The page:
“A hero is somebody who is selfless, who is generous in spirit, who just tries to give back as much as possible and help people. A hero to me is someone who saves people and who really deeply cares. “—Debi Mazar
During the month of February, many classrooms focus on Social Science topics related to Heroes. Whether learning about those famous February presidents, Washington and Lincoln, or other notable figures in history, students are discussing what makes them significant. It seems fitting to remind students that they, too, can be heroes in their everyday lives. Being responsible and getting ready for school and attending daily, working hard in their classrooms and following teachers’ directions are ways students develop self-discipline, character traits they will use as they become citizens of our community and world. Students can help a friend or classmate who may be struggling to learn something; helping someone else, even in small ways, is being a hero to that person. Choosing not to participate in online postings that belittle or hurt others is a powerful way to be a hero. If someone is mistreating a friend on the playground, speaking up and saying “This isn’t right”, or taking that friend to a nearby adult is a kind of heroism. You are standing for what is right, and helping someone in trouble. Some of our greatest heroes in history did just that!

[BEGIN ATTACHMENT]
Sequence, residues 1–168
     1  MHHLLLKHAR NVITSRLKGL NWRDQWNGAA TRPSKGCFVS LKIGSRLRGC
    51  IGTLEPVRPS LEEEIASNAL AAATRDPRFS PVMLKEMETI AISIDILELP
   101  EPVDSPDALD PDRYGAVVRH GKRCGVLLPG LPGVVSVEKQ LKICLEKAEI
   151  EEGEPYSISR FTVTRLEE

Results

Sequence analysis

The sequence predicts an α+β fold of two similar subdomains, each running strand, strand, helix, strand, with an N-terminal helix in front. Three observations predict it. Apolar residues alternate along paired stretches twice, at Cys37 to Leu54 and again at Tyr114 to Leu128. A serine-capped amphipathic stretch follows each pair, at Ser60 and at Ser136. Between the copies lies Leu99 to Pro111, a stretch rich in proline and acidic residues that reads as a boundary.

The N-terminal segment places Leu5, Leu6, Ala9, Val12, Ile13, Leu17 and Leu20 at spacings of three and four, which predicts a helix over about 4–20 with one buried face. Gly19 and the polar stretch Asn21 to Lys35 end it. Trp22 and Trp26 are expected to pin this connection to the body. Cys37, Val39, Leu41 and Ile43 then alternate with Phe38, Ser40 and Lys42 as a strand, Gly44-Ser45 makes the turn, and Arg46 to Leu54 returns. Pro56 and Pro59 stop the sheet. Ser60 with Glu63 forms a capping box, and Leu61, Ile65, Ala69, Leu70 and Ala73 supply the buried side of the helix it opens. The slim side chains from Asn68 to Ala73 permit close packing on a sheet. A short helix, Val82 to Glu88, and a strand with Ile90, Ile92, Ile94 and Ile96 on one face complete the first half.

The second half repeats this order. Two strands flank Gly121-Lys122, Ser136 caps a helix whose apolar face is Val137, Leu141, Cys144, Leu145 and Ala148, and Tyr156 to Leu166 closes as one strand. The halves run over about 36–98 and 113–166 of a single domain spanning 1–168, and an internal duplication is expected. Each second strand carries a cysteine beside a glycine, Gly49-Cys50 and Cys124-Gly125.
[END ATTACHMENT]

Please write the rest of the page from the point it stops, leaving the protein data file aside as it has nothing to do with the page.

When students are asked who their heroes are, the vast majority of them do not name sports heroes or movie stars. They do not name historical or political figures. For our children, moms and dads are the most common person they name as their hero. This is both rewarding and humbling, as this comes with such responsibility. In big and small ways, how we help our children when they feel the most vulnerable matters a lot. If your child is experiencing frustration with an academic subject, take a few extra minutes during homework time to help explain it.
Communicate with their teacher about their struggles, so the teacher can provide extra support, or work with you to make the work more understandable or manageable. If your child has ongoing concerns about something happening on the playground, make the teacher or principal aware. Too often we hear from parents after something has been occurring for a long period of time because they are reluctant to complain. If there is something that is happening on a regular basis, we need to know in order to help make the situation better. Your child may need you to be their hero, and step in when they are in trouble and don’t know what to do.
I am pleased to have such wonderful staff, students, and families to work with at Croce. When I visit classrooms or walk on our playgrounds, I see so many examples of kindness, compassion, and cooperation. Our families are so willing to help in any way they can, and care not only about their children, but all the children in our school. The sense of community is part of what makes Croce such a great school.
With Children In Mind,
Kendra L. Helsley, Principal